The FTC has a series of short videos available detailing the different types of imposter scams and how you can recognize them. Check out the videos.

How to File a Complaint

If you have spotted a scam or have lost money to a scammer, consider filing a complaint with the FTC at ftc.gov/complaint.  Though not all scammers are found and prosecuted, in 2019 alone, the FTC was able to take legal actions that led to more than $232 million being returned to people who lost money.

 

 

 

Farmers Invited: American Federal Bank ‘Ag Day 2020’

“Ag Day 2020” with guest speakers of special interest to farm owners and operators is taking place in Fargo.

Hosted by American Federal Bank, the “Ag Day 2020 Program” is set for:

  • Thursday, February 6 – Hilton Garden Inn, Fargo, North Dakota

Scheduled Speakers

Registration check-in with coffee kicks off events at 9:30 am, following by guest presenters, beginning at 10 am:

  • Ed Usset – Grain Marketing Specialist, Center for Farm Financial Management, University of Minnesota
  • Tommy Grisafi – Commodity Risk Management Advisor, Advance Trading
  • Luke Swenson – Investment Services Managing Partner, Bushel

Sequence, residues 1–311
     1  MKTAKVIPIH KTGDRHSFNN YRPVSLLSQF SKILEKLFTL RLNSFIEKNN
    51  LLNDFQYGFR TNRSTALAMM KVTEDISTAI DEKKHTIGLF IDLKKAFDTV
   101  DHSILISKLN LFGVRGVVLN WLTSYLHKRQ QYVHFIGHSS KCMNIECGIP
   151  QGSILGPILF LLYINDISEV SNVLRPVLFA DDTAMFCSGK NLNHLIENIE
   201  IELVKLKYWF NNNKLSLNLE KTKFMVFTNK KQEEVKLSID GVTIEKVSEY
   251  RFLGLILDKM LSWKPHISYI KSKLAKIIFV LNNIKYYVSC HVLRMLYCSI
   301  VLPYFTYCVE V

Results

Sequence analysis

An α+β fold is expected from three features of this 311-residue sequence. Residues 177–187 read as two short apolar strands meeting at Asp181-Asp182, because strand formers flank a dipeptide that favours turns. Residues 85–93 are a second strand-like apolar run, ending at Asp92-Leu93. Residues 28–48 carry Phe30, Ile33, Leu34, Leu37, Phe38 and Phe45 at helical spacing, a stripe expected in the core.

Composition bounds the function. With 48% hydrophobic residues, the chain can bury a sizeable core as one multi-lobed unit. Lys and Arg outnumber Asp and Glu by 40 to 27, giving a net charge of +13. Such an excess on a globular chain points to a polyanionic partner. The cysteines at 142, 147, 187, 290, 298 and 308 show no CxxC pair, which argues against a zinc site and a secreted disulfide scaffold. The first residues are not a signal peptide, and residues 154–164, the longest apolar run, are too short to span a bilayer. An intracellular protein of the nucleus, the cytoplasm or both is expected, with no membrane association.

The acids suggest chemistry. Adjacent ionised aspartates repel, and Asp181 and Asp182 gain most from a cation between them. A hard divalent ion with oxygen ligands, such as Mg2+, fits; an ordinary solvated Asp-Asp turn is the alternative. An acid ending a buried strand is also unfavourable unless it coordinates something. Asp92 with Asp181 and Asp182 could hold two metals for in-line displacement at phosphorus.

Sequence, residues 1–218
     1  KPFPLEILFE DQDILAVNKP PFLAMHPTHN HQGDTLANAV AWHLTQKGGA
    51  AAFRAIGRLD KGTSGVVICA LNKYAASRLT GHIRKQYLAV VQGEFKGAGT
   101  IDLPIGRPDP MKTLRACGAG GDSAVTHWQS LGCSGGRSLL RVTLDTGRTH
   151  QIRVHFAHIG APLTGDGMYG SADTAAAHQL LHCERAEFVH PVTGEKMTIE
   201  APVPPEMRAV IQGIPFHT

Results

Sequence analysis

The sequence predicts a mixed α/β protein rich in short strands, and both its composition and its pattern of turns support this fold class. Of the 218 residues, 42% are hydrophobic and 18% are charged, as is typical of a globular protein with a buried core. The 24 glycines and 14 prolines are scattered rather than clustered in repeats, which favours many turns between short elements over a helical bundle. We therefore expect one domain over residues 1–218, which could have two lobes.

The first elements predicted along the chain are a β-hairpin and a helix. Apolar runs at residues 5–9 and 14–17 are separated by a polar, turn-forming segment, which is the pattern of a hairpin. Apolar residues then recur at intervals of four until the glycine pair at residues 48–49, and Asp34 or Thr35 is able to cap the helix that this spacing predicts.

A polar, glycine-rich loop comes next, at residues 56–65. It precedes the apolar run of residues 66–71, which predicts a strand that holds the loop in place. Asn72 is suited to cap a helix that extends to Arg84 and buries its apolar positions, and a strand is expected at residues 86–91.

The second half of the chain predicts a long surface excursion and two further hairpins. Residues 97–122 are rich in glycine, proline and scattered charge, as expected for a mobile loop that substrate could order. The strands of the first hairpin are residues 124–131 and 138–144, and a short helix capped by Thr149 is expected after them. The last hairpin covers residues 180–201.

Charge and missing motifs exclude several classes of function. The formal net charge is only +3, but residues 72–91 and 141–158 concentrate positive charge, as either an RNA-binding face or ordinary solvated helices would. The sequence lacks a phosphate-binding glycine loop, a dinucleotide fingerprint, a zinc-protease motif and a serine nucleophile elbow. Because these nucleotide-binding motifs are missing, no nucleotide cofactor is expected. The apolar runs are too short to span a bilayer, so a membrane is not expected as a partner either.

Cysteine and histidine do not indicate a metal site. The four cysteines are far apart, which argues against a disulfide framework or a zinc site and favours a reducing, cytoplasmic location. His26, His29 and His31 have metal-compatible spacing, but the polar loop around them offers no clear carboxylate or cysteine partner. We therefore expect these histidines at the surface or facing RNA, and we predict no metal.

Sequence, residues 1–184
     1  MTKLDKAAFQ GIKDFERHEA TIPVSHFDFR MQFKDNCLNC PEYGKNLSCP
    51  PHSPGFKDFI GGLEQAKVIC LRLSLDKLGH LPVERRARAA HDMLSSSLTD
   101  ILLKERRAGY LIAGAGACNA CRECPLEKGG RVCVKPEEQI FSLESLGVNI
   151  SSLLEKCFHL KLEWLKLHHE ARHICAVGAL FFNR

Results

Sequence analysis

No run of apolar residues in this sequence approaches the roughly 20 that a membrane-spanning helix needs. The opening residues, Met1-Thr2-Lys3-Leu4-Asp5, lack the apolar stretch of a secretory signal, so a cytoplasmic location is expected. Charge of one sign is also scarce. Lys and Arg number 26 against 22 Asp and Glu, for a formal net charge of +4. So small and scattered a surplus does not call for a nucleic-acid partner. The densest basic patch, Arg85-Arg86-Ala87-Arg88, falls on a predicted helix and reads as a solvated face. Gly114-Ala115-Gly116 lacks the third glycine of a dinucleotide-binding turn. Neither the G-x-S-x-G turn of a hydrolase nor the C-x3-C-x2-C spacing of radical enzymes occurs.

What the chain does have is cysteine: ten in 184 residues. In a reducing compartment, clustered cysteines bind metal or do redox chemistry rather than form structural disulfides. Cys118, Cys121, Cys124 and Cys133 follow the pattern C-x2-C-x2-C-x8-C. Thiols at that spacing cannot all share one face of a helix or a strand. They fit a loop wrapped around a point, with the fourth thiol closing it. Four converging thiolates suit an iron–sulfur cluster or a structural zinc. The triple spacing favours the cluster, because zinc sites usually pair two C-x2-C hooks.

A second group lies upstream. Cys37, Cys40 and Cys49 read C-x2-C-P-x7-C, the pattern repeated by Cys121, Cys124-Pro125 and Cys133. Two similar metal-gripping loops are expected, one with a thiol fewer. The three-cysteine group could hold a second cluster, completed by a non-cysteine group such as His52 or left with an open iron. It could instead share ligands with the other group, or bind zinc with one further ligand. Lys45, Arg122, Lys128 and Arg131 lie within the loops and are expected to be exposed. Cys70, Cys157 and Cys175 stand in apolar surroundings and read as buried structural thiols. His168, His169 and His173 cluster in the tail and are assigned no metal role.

American Federal will serve a complimentary lunch at the event.

The afternoon program will conclude with a 4 pm social.

To Register

Registration is required for the Fargo program.

  • To register by Monday, February 3 for the Fargo Ag Day 2020, contact your local American Federal Banker in Fargo, Moorhead or Wahpeton or go online to amfedagday.eventbrite.com.

How the SECURE Act is Impacting Retirement

Man and woman standing next to planeOn December 20, 2019, the Setting Every Community Up for Retirement Enhancement Act (know as the SECURE Act) was signed into law. Though the Act covers a lot of ground, it contains provisions intended to give older Americans more options to help keep them from outliving their assets.

One of the major components of the Act is raising the age for required minimum distributions from 70.5 to 72. Along with this, another important change is that the traditional IRA maximum contribution age limit has been removed, which allows people to continue making contributions after age 70.5.

Together, these two changes essentially allow individuals the choice to defer taking distributions for an additional 18 months, and grants them the ability to continue saving. As life expectancies have gradually increased and many people wind up working later into life, these changes should give people more flexibility.

As with any financial regulation changes, you need to know and understand how they can impact you as you plan for and head into retirement. It’s a good time to ask yourself: